A typical set comprises:
A one- or two-part 22G needle for the initial puncture
A short 0.018-inch guidewire with flexible tip and supportive shaft
An interlocked dilator system. This varies from kit to kit. Those for hepatic and renal work often come with a metal stiffening cannula in addition to a coaxial inner dilator with a tapering tip inserted through a larger outer dilator, which will accept a 0.035/0.038-inch guidewire.
Remember to remove the inner dilator to allow insertion of the 0.035-inch wire.
Know what to ask for
Vascular access sets
This set is usually used for vascular access and has an inner 3F dilator and an outer 4F dilator. This permits introduction of the 0.035-inch wire.
Pedal access kit
This is very similar but has been specifically designed to help access the smallest of vessels. The needle is only 4 cm long and this makes back bleeding more obvious when the lumen has been accessed. The pedal access kit comes with a 0.021-inch wire, the coaxial dilator has an outer diameter of 4F and also a removable haemostatic valve, which allows this to be converted to a 2.9–3F ‘mini-sheath’.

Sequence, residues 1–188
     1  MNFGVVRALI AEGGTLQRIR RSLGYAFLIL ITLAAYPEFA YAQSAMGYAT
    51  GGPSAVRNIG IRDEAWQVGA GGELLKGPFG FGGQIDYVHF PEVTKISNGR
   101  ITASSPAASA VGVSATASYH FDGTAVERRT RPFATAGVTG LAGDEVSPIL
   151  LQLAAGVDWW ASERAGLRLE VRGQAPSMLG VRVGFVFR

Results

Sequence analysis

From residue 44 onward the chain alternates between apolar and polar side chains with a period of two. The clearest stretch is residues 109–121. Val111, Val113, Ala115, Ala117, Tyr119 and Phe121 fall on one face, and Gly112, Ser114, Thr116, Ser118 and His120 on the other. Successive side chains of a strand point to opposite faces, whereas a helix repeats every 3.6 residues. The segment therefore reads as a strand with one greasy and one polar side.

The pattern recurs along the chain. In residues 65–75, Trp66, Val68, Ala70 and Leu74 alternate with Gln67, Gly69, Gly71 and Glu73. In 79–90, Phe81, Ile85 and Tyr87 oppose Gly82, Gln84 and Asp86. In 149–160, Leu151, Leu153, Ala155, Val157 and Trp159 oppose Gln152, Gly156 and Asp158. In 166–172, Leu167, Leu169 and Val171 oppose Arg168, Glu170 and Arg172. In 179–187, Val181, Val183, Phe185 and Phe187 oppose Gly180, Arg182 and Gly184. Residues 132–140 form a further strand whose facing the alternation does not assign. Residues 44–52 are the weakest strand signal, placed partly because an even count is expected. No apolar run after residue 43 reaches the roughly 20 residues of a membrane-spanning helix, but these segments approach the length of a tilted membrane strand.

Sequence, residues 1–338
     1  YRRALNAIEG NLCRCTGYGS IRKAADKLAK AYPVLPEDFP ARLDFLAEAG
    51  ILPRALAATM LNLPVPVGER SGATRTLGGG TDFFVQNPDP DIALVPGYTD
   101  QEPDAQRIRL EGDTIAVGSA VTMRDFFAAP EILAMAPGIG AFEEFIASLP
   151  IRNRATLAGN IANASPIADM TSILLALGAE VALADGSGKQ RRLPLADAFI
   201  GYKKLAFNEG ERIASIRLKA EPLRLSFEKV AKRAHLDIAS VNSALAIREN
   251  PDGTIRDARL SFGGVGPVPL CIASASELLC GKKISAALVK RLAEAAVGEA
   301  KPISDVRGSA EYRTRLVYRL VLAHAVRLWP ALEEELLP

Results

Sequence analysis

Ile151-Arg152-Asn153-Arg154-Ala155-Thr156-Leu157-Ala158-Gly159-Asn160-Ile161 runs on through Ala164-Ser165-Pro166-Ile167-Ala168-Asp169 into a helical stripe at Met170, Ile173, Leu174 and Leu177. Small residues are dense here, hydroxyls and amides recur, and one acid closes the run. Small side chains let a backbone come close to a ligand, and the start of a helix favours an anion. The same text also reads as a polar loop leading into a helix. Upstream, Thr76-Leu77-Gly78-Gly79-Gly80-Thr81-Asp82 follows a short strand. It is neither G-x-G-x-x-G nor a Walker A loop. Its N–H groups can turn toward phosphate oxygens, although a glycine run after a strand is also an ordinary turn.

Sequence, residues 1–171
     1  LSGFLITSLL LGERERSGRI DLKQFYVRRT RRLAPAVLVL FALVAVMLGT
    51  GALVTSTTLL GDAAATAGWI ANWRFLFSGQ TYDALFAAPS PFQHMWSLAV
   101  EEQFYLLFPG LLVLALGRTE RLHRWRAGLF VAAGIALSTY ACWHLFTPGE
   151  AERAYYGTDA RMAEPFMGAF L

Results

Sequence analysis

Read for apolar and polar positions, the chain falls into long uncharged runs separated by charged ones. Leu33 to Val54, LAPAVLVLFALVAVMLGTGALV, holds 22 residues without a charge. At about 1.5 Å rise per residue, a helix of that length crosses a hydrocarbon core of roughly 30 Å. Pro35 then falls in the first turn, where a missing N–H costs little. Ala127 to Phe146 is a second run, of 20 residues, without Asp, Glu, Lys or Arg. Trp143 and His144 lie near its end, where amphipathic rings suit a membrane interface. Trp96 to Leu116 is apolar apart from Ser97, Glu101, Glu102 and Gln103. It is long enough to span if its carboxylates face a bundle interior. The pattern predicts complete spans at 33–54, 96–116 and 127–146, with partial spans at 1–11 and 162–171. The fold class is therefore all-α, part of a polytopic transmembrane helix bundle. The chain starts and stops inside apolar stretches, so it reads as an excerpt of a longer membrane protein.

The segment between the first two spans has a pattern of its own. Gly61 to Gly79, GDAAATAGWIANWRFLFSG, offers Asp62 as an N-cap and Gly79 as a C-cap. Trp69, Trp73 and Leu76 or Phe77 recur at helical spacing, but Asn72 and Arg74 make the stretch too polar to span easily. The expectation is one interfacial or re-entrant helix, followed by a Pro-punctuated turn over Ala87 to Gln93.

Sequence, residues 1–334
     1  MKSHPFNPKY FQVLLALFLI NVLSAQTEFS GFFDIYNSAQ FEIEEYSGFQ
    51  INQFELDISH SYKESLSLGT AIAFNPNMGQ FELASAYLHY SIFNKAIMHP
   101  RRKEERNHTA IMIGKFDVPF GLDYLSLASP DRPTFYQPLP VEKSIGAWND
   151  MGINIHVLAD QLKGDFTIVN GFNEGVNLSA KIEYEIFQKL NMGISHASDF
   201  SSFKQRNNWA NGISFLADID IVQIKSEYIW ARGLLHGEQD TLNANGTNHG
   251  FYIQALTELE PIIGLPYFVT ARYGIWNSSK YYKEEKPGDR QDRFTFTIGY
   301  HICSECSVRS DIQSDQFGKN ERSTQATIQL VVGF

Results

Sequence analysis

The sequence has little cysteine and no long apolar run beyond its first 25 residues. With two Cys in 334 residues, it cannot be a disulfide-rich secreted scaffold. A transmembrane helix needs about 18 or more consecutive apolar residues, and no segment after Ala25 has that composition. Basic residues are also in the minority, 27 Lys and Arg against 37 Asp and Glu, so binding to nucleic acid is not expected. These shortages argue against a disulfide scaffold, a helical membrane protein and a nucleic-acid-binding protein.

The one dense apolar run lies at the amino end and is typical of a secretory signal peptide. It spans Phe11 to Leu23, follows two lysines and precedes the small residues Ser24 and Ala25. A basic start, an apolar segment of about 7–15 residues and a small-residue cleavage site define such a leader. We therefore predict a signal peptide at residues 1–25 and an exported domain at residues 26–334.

Non-vascular access sets
Coaxial access set (neff/accustick)
This is the one to ask for if you are performing non-vascular intervention. Not only do you get a longer puncture needle but the sheath system has an inner metal stiffener to help prevent kinking of the guidewire and support the catheters as they pass through tissues/organs into deeper structures. In most of the kits, the final sheathed dilator will be at least 6F and often have a radio-opaque end-marker.